Shatter the pyramid

Three ways to create more feature-style stories

Increase the percentage of feature-style stories you produce, and you’ll increase reading.

shatter the pyramid

Break the pyramid habit To increase readership, make most of your messages features. Image by Rick Kimpel

Or so say the researchers behind “Impact,” a 2001 study (PDF) led by the Readership Institute at Northwestern University and sponsored by the Newspaper Association of America and the American Society of Newspaper Editors.

So here, according to the researchers, are three ways to get more features into your communications:

1. Understand that features aren’t fluff.

Feature-style writing isn’t “John Smith has transformed his garage into a toy-train wonderland” or other soft news or human-interest fluff.

“‘Feature-style’ is not a euphemism or proxy for ‘soft news,'” said the researchers. “We’re not describing a story type but a writing style.”

Instead, feature-style writing is:

  • More narrative, with a beginning, middle and end
  • Often told through characters or using anecdotes to help illustrate points
  • Likely to use more colorful language and a more playful writing style
  • More engaging to the reader than a traditional news story

2. Put hard news into the feature story structure.

“Writers can use feature-style writing to cover hard news stories without compromising the stories’ informational value or focus,”write the researchers.

Newspapers with more feature-style political stories, for example, have readers who express higher satisfaction with their political coverage. Yet only 5% of all political stories are written in the feature style, according to the study.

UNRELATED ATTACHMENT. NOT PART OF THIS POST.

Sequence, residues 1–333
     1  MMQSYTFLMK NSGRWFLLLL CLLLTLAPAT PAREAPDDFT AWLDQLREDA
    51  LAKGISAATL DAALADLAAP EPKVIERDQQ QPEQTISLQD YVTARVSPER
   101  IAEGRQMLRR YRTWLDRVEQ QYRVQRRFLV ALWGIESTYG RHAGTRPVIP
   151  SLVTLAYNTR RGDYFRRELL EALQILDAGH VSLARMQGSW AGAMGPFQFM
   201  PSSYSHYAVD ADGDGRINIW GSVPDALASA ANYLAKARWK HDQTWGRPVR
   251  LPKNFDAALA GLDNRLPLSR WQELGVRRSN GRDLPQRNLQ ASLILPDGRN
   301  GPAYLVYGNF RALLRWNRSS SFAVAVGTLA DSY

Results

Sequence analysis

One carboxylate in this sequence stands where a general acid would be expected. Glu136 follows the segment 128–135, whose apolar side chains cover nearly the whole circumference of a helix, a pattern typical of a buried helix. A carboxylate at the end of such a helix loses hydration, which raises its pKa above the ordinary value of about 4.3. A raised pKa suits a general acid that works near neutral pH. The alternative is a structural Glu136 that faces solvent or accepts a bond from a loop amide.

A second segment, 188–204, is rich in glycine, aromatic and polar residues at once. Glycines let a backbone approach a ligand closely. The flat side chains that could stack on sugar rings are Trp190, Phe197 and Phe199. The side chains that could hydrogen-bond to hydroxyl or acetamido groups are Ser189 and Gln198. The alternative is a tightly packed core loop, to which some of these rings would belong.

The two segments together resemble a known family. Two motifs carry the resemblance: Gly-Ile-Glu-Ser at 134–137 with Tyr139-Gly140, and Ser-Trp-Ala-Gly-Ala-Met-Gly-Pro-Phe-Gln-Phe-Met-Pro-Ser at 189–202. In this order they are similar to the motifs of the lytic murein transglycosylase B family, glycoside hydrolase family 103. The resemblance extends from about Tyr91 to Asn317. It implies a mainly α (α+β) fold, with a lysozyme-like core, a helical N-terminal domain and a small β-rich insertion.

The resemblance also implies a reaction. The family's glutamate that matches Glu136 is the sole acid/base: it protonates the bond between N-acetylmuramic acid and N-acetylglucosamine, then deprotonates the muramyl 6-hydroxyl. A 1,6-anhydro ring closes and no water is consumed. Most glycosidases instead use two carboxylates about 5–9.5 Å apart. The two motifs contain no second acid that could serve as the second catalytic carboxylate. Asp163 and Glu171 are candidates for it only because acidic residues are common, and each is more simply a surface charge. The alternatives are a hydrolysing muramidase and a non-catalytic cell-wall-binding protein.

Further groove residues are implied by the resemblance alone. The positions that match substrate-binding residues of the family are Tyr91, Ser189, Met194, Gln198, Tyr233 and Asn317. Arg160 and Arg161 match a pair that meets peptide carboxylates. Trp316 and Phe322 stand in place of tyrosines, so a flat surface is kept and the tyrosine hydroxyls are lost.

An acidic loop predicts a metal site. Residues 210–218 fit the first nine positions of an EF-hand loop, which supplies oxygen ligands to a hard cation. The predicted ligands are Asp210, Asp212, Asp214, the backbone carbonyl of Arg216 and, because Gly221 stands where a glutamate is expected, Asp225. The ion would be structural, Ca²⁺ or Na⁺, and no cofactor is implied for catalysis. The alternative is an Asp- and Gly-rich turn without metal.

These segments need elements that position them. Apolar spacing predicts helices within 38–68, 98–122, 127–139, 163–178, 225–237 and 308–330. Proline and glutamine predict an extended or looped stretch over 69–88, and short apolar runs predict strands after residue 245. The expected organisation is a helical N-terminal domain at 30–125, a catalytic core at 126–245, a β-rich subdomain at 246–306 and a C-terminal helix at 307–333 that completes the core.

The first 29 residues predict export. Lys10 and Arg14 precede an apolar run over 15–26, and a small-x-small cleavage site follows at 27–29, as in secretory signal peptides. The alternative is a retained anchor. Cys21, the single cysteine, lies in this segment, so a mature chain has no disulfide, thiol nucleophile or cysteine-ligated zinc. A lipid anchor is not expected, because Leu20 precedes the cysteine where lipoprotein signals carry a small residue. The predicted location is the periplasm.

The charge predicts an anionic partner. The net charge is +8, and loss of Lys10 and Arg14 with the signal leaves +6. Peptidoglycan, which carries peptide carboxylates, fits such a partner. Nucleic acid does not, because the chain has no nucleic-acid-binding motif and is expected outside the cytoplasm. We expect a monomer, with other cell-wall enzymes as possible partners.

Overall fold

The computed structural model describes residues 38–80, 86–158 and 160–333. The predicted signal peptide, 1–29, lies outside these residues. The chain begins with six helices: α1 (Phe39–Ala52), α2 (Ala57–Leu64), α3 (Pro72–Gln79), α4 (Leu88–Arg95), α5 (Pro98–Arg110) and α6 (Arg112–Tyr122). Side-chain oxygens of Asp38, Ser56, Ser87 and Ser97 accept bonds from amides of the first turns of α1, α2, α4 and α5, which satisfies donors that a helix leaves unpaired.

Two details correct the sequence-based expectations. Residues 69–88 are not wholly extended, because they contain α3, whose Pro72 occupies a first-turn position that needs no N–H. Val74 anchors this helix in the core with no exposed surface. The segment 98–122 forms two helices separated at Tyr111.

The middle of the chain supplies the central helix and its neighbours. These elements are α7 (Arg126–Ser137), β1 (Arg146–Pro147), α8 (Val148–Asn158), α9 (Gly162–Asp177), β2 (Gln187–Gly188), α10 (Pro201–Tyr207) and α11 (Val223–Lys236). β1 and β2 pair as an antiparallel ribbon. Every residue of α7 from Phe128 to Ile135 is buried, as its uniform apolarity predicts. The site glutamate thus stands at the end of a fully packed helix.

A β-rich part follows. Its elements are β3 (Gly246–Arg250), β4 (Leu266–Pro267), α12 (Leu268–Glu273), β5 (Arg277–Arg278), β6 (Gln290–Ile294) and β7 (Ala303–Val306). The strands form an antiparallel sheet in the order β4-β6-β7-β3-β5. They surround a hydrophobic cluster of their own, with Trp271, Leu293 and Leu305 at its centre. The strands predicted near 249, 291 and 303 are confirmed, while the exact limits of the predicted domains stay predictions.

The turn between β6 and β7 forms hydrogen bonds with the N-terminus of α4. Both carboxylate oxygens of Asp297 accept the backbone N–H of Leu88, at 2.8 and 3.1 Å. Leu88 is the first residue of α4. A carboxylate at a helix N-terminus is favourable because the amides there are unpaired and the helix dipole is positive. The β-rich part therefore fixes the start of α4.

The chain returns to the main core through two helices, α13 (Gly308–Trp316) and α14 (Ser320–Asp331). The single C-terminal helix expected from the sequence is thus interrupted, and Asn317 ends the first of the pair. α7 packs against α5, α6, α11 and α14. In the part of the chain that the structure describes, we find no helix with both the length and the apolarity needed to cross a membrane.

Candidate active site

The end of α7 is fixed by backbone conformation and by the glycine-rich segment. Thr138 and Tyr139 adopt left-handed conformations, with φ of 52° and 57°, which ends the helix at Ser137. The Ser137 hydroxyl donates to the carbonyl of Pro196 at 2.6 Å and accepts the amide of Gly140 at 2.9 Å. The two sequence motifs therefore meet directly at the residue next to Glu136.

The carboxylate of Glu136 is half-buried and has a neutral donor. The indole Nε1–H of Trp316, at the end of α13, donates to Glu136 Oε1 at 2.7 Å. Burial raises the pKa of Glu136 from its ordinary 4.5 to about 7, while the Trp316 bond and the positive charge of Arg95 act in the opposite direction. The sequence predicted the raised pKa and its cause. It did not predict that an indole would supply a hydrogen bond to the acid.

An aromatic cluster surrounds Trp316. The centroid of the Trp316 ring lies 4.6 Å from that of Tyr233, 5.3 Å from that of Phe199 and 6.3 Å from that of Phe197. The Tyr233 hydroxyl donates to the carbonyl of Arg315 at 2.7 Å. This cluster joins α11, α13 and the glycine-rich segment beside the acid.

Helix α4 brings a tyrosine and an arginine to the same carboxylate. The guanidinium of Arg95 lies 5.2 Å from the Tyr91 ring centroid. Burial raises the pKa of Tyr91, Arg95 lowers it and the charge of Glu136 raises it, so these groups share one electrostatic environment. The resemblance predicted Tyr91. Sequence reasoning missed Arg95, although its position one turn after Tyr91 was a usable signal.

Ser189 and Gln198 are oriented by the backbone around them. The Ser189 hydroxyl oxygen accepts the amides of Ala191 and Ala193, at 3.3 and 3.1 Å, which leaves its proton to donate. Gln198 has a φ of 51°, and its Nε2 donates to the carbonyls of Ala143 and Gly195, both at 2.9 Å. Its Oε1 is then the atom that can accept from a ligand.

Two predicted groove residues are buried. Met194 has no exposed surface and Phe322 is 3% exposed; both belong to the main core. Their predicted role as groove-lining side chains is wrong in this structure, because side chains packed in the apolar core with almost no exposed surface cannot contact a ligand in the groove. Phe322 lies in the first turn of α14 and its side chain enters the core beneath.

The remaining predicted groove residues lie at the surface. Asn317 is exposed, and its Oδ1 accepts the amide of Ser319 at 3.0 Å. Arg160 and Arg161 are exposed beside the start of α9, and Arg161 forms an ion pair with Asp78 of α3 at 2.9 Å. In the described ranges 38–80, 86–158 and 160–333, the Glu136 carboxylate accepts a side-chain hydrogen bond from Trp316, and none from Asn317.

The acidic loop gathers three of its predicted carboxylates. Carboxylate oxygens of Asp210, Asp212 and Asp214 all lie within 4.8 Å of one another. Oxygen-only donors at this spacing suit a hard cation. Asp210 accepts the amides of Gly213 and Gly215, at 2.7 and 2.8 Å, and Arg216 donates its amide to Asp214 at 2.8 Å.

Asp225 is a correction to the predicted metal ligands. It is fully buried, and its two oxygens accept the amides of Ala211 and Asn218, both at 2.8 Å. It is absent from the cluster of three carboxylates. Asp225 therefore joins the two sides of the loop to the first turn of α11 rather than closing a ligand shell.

“It’s the papers that incorporate feature-style writing in a broad range of topics that see the most benefit in brand perception,” said the researchers.

3. Increase your percentage of feature-style stories.

Newspapers in the United States use:

  • The inverted pyramid for 69% of stories
  • Feature-style story structure for 18%
  • Commentary for 12 percent

“There is strong evidence that an increase in the amount of feature-style stories has wide-ranging benefits,” the researchers report.

  • Go Beyond the Pyramid

    Master a story structure that’s been proven in the lab to reach more readers

    Writers say, “We use the inverted pyramid because readers stop reading after the first paragraph.” But in new research, readers say, “We stop reading after the first paragraph because you use the inverted pyramid.”

    Go Beyond the Pyramid in Dallas

    Indeed, our old friend the inverted pyramid hasn’t fared well in recent studies. Studies by the Poynter Institute, Reuters Institute and the American Society of News Editors show that the traditional news structure reduces readership, understanding, sharing, engagement and more.

    Grab readers’ attention, pull them through the piece and leave a lasting impression.

    The pyramid doesn’t work well, these researchers say, with a little subset of your audience we call “humans.”

    At Catch Your Readers — our two-day hands-on persuasive-writing master class on Oct. 2-3 in Dallas — you’ll master a structure that’s been proven in the lab to grab readers’ attention, pull them through the piece and leave a lasting impression. Specifically, you’ll learn how to:

    • Grab reader attention with a lead that’s concrete, creative and provocative — and avoid making readers’ eyes glaze over by using one of the seven deadly leads.
    • Stop bewildering your readers by leaving out an essential paragraph. (Many communicators forget this entirely.)
    • Avoid the “muddle in the middle” by choosing one of five structural techniques from a rubric created by the founder of TED Talks.
    • Draw to a satisfying conclusion in the penultimate paragraph.
    • End with a bang, not a whimper by using our three-step test.

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